On the last page of the extremely interesting and useful article on ME (vol 4 no 5), you mention in the box that 'Biolab can help practitioners test for ... problems.' I used to use Biolab for hair mineral analysis, but when they found that I was not a doctor (the price of honesty!), they declined to accept any further samples from me for testing. This meant that I had to stop offering preconceptual care to my patients. If your information is that Biolab will now do testing for non-medically qualified professional practitioners, I should be very grateful to have this confirmed.- Alan Crook, registered homoeopath, Crowborough
WDDTY replies: I'm afraid to say that your in formation is correct. Biolab won't test for non-medical doctors. Our advice to non-medical practitioners is to find a sympathetic doctor who will agree to order the tests for you.
In reference to the article written by Harald Gaier on alternative medicines (vol 4 no 4) for asthma: In this article Mr Gaier refers to our product Sudafed when discussing 'proprietary asthma drugs' and also states that Sudafed is 'well known for [its] strong stimulant effect on the heart'.
The Actifed and Sudafed ranges are not indicated for the treatment of asthma. In fact, the datasheet for two products in our range, Sudafed Linctus and Actifed Compound Linctus, contain the statement that they '. . . should not be administered to patients where cough is associated with asthma. . .' The reason for this contraindication in asthma is dextromethorphan, the antitussive used in these two formulations, not the inclusion of pseudoephedrine. It is worrying to me that your readers may incorrectly feel that Sudafed is an asthma treatment.
I would disagree with the strength of Mr Gaier's statement about Sudafed being well known for its strong stimulant effect on the heart, presumably from pseudoephedrine.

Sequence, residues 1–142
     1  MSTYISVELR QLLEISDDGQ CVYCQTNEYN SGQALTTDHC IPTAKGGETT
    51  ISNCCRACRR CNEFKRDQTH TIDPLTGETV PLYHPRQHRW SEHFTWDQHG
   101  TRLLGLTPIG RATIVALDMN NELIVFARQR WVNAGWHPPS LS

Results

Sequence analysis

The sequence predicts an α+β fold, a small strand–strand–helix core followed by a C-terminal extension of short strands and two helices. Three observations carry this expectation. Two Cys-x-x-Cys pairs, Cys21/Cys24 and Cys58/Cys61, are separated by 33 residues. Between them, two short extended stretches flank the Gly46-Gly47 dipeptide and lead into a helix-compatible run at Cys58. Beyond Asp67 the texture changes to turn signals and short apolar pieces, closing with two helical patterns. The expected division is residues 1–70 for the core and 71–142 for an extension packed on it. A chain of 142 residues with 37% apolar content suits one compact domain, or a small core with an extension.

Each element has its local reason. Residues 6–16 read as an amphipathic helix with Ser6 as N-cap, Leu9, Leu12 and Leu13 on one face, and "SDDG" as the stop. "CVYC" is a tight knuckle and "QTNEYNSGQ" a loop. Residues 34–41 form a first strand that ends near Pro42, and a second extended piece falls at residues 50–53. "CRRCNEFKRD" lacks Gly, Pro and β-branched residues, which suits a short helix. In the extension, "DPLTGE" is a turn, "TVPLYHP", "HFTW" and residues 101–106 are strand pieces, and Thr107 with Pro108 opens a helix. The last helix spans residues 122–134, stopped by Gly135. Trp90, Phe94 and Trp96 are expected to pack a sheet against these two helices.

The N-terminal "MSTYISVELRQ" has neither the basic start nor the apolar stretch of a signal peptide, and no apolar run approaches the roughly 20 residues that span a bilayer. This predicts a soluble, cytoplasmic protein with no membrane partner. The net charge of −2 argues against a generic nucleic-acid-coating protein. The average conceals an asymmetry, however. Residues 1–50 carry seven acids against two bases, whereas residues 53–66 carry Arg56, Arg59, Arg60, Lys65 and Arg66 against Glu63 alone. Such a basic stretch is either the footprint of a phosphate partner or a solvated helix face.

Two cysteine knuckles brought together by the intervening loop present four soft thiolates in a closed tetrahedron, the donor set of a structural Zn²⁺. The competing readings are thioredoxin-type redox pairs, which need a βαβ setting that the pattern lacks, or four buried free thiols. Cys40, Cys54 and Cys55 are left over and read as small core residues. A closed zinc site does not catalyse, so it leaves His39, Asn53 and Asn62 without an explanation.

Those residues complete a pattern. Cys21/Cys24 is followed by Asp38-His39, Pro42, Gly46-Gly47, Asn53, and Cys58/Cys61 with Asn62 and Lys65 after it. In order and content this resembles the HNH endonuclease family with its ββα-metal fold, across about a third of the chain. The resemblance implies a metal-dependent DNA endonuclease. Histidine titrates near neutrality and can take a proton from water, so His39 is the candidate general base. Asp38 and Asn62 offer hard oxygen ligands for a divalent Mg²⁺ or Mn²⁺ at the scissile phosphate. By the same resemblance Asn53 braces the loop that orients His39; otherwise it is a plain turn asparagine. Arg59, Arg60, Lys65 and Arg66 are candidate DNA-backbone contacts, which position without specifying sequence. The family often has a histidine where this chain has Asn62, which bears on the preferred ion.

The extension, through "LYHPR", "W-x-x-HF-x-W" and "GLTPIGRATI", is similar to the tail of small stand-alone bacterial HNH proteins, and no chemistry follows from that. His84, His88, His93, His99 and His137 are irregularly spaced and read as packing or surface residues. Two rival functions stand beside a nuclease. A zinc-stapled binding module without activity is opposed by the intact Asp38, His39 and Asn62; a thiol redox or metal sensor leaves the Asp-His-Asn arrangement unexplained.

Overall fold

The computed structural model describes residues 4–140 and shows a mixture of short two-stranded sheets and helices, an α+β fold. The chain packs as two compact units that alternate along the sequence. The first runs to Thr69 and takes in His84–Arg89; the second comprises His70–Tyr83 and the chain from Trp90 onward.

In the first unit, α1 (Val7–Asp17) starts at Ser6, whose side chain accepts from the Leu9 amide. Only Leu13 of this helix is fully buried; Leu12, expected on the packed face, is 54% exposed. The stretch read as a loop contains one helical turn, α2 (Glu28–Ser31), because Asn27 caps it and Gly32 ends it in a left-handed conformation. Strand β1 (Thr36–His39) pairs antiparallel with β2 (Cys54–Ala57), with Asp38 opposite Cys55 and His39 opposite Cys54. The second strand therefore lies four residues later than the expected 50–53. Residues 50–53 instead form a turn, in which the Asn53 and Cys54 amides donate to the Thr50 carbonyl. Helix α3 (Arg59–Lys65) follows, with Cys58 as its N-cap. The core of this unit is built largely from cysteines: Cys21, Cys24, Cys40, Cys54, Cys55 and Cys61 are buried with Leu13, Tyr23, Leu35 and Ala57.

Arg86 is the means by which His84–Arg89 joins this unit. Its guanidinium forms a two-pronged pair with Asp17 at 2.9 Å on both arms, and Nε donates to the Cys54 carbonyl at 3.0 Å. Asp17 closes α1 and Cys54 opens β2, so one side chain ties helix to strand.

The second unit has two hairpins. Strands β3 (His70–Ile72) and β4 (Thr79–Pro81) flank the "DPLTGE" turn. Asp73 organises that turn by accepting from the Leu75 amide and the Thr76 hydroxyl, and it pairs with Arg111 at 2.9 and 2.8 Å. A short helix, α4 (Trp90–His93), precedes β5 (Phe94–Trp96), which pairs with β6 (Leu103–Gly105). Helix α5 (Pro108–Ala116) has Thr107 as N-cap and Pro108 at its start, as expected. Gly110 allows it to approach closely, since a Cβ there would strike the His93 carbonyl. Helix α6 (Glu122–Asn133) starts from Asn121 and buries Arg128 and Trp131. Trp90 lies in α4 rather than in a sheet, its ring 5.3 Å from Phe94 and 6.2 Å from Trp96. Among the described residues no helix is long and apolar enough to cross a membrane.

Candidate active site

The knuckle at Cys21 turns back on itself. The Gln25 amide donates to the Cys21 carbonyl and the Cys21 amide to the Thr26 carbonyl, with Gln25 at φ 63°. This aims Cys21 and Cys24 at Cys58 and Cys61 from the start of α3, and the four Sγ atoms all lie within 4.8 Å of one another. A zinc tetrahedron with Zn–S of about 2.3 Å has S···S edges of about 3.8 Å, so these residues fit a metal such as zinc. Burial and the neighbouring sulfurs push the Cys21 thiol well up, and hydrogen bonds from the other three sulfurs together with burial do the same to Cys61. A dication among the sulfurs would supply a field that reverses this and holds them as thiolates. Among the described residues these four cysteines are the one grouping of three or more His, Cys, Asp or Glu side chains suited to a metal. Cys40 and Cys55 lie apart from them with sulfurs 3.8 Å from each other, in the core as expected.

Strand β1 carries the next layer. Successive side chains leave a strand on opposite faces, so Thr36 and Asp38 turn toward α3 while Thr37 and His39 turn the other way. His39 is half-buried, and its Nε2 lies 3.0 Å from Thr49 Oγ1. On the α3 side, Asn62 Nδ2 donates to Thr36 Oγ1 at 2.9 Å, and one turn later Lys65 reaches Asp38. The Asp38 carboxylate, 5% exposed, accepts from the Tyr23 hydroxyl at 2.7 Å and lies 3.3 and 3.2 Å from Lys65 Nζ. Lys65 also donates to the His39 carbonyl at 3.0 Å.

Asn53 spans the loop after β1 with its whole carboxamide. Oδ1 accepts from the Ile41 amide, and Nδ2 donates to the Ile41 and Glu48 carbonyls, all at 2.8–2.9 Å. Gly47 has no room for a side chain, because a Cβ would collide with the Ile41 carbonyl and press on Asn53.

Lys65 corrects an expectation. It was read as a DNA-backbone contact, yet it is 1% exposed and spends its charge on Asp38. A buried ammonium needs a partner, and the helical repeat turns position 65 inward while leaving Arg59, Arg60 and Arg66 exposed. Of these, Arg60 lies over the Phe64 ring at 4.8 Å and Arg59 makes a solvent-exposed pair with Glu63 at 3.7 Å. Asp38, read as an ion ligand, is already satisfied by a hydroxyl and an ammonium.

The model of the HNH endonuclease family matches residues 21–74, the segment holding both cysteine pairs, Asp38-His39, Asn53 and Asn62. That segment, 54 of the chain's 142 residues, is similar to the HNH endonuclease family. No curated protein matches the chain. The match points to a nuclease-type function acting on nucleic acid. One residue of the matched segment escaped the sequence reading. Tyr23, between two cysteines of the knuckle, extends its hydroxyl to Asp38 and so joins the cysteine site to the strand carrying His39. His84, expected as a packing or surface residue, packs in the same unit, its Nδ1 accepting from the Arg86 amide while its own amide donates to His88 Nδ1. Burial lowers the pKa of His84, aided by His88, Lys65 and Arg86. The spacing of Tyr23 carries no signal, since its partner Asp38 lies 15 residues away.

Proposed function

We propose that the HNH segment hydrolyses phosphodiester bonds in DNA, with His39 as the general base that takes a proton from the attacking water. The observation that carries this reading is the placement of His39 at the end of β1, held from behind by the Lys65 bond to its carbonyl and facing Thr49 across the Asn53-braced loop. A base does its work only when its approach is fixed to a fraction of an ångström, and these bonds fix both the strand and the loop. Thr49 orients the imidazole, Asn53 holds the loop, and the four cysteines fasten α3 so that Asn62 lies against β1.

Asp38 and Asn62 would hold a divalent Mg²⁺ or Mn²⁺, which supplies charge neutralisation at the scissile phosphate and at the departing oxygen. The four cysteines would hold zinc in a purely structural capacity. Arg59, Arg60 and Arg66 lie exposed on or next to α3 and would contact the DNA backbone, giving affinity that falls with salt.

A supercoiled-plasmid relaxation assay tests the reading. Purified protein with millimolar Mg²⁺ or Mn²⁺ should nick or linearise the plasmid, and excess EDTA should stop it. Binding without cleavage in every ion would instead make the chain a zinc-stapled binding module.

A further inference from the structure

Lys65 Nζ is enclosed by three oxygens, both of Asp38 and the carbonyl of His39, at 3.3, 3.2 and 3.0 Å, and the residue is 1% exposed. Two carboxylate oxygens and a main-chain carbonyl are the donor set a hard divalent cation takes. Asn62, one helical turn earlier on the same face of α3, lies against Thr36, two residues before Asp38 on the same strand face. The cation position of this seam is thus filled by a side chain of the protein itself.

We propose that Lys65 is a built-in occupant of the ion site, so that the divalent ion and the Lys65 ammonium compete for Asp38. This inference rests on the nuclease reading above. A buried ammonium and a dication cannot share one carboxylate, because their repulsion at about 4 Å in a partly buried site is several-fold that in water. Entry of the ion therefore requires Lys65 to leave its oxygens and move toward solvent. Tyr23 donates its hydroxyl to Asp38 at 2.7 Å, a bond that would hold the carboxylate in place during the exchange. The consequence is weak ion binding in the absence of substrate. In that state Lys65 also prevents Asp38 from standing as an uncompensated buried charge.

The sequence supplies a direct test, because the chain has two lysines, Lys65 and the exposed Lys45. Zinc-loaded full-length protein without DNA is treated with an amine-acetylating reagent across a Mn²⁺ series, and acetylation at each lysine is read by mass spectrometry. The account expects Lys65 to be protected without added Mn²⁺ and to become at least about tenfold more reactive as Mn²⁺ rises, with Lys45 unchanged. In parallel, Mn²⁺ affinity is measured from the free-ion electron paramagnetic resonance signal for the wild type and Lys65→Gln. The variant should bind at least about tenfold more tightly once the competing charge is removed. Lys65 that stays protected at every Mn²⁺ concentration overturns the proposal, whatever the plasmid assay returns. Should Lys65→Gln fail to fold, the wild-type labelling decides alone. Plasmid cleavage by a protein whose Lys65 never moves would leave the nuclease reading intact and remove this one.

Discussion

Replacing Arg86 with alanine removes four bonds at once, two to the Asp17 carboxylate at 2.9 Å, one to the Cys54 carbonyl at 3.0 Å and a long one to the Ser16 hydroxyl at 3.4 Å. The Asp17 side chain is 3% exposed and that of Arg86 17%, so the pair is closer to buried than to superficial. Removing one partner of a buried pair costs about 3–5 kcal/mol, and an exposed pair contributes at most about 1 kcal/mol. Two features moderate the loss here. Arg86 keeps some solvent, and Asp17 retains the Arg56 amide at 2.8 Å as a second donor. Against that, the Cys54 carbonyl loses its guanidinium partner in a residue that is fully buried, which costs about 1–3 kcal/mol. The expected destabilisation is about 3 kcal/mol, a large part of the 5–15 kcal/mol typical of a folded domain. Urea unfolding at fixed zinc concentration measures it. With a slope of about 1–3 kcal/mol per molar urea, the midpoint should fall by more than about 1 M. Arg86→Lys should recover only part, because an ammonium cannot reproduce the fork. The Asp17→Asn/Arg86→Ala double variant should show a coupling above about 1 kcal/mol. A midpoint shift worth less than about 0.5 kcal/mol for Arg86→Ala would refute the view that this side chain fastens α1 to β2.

Several studies have assessed the effects of pseudoephedrine on the human cardiovascular system. These show that pseudoephedrine exhibits less cardiovascular side-effects than ephedrine or phenylpropanolamine and has virtually no pressor effect in patients with normal blood pressure at recommended doses. - Andrew Lake, Technical Adviser, The Wellcome Foundation.
Harald Gaier replies: It is true that Sudafed is not listed specifically for asthma, but in MIMs (January 1992), which I consulted when writing the article, Sudafed is listed as a respiratory drug, specifically as an antiallergenic and decongestant for the upper respiratory tract, with no contraindication for asthma.
You may find the enclosed article, tucked away in a little-read magazine, of interest. Along with the hazards of mercury being passed to the child through the placenta or through the milk, this adds a further complication. - John Roberts, dental health practitioner, Rochdale.
WDDTY replies: Thank you for the photocopy of the article from the J Clin Periodontol (1993; 20: 606-8), which documents that the injections used for dental work, in this cases lignocaine and its metabolite monoethylglycinexylidade, pass through breastmilk.
Thank you for putting my case study in your magazine (vol 4, no 5), but I would like to point out, just to set the record straight, that I had a spinal anaesthetic, not an epidural for my caesarean.- V J D, Powys.